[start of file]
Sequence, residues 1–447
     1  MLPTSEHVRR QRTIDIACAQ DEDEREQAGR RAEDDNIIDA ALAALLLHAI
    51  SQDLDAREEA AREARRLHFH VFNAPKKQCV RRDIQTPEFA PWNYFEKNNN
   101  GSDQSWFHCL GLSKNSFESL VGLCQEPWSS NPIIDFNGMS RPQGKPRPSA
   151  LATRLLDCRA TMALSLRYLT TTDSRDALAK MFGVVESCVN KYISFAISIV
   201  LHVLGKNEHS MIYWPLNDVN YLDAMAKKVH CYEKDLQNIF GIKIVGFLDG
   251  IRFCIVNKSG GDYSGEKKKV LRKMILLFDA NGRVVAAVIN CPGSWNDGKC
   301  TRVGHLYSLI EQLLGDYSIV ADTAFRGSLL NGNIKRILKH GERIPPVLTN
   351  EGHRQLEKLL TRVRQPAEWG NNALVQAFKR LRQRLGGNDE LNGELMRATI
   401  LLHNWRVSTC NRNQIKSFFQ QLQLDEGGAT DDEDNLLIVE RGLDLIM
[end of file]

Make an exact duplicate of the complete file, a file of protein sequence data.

Sequence, residues 1–447
     1  MLPTSEHVRR QRTIDIACAQ DEDEREQAGR RAEDDNIIDA ALAALLLHAI
    51  SQDLDAREEA AREARRLHFH VFNAPKKQCV RRDIQTPEFA PWNYFEKNNN
   101  GSDQSWFHCL GLSKNSFESL VGLCQEPWSS NPIIDFNGMS RPQGKPRPSA
   151  LATRLLDCRA TMALSLRYLT TTDSRDALAK MFGVVESCVN KYISFAISIV
   201  LHVLGKNEHS MIYWPLNDVN YLDAMAKKVH CYEKDLQNIF GIKIVGFLDG
   251  IRFCIVNKSG GDYSGEKKKV LRKMILLFDA NGRVVAAVIN CPGSWNDGKC
   301  TRVGHLYSLI EQLLGDYSIV ADTAFRGSLL NGNIKRILKH GERIPPVLTN
   351  EGHRQLEKLL TRVRQPAEWG NNALVQAFKR LRQRLGGNDE LNGELMRATI
   401  LLHNWRVSTC NRNQIKSFFQ QLQLDEGGAT DDEDNLLIVE RGLDLIM